I couldn’t believe it when I first went into Frager’s basement; the entire floor looked like a flea market. Total chaos, nothing stacked properly or marked. Piles everywhere. Except that any time that a staffer needed something down there, they found it in less than a minute.

In truth, Frager’s wasn’t a perfect business. The last time I bought a lightbulb, the staff lady told me she was guessing and it turned out she was wrong (and the new bulb was already out when I got home). A month or so ago they cut a piece of glass wrong twice before getting it right. But they did it, nicely and no extra charge.

There were times I’d wonder if we Hill people were remaining in some less advanced stage of hardware evolution. If the rest of the region was moving along into the 21st Century with alphabetized shelves and items made of futuristic materials while we on the Hill were being left behind. But I only wondered it in a who-cares, passing kind of way, like people who never join Facebook or get an iPhone and truly, honestly mean it when they say they think they’re better off.

Capitol Hill residents woke up Thursday morning to a destroyed Frager’s Hardware Store. Locals gathered around the blazing fire to witness the end of a historic piece of D.C. (Courtesy of WJLA)

And the design of the place was shocking. You could barely get down the jammed, hoarder-like aisles of the hardware section with a regular sized purse, but somehow we all did, and did so constantly. Because we loved it in there. We loved the eccentric staff and the wall of keychains and 50 kinds of herbs and the rental section where you could borrow anything from a chainsaw to a cotton-candy maker, a blower for leaves to a bouncy castle.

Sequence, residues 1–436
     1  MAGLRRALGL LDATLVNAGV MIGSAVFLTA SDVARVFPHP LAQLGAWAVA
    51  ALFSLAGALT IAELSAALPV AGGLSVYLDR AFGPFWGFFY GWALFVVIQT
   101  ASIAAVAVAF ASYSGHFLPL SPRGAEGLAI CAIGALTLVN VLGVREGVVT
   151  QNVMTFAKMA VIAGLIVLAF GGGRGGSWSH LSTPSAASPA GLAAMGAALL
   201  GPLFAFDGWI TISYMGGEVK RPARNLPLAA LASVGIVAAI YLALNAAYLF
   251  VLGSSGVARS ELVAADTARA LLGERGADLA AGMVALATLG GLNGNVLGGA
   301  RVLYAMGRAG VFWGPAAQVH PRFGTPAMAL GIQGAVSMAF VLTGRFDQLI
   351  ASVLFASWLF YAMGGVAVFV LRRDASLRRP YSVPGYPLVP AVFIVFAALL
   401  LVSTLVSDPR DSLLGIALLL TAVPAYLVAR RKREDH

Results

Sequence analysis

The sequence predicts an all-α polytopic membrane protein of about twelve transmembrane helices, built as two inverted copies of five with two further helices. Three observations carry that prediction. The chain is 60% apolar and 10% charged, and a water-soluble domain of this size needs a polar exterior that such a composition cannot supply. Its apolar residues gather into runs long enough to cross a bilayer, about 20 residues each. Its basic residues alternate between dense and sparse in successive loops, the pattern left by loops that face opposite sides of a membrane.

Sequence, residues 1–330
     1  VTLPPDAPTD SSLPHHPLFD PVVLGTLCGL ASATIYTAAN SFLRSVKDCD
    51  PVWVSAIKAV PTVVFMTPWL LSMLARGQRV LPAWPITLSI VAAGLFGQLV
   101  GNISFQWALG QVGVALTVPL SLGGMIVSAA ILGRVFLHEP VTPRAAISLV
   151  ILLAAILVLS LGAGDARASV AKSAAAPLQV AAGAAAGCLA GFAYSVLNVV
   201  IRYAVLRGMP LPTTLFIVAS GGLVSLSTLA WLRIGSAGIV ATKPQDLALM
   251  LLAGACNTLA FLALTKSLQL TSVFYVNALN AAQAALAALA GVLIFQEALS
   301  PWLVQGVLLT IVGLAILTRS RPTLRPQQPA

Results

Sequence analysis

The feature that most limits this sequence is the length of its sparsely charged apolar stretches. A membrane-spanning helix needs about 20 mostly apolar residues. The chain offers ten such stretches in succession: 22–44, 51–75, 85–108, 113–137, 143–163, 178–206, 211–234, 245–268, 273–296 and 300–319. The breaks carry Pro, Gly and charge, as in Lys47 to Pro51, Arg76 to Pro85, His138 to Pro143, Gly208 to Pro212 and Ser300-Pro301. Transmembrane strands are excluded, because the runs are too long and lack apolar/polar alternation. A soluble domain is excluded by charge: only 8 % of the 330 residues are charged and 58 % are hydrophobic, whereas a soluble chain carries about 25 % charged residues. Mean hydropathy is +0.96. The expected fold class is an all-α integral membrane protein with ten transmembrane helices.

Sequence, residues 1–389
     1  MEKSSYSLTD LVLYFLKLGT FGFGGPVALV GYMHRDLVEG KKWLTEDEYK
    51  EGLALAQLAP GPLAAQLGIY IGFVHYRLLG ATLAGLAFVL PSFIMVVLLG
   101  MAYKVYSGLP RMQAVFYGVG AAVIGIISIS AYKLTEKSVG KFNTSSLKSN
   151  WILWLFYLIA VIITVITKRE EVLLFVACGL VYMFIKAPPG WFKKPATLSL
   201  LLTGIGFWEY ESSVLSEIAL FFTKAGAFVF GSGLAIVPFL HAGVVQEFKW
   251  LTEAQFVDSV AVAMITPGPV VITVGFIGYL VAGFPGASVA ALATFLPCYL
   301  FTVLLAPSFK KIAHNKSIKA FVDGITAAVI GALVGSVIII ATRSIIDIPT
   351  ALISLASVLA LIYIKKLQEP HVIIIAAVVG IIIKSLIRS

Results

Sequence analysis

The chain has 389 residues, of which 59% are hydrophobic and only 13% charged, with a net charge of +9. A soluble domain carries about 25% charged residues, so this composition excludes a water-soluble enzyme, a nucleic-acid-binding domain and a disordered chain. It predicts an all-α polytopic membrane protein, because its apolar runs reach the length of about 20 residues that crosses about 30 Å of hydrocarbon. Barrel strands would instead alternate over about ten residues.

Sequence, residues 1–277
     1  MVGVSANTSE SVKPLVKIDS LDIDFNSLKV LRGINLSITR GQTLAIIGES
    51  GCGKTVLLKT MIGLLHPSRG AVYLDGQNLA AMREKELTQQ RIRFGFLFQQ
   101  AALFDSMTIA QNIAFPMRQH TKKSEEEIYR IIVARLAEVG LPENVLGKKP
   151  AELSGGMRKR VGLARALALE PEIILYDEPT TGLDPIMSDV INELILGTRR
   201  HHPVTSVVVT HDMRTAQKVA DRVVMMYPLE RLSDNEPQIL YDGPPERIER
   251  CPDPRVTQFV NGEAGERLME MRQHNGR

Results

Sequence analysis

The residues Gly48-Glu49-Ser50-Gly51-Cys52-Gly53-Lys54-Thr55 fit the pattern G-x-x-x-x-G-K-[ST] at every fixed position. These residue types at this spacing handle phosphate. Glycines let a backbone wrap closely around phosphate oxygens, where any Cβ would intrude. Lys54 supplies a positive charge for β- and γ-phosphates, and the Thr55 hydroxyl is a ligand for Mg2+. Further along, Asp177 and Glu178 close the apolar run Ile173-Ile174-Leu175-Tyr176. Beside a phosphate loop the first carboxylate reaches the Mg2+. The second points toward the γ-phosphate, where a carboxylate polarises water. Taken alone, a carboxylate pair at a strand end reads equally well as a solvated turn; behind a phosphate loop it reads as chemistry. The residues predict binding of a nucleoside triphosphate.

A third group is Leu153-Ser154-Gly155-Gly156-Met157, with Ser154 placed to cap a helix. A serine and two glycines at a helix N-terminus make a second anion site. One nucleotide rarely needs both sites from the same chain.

Did I mention they had free coffee in the rental section? Bad coffee?

Over Memorial Day weekend I went for a run to the Mall, and as soon as I passed the Capitol — about a mile west of Frager’s — I was stunned to come over the hill and see tens of thousands of people milling around waiting for a holiday concert to start, setting up blankets and snapping photos on the steps and generally feeling they were experiencing the epitome of Washington life. But back on the other side of the Capitol, where none of them were looking, was the little anthill of my neighborhood, doing its usual weekend routine of hitting the coffee shop, the grocery store and, of course, Frager’s.

As I ran back I had stopped there, as I often do on the weekend, and I remember thinking of the movie “A Bug’s Life,” centered on this little colony on an island no one ever spots. And it seemed to me Capitol Hill was like that, and maybe many Washington neighborhoods, just regular little life going on there that no one sees because they’re so busy noticing Congressional testimony and White House press conferences.

And Frager’s seemed to me the heart of the anthill because it’s where all us transient ants come to seek tools to make our little patch of earth into a home.

As my 4-year-old watched the firefighters tonight, he asked: Where are we going to get our plants? I wasn’t sure what to tell him.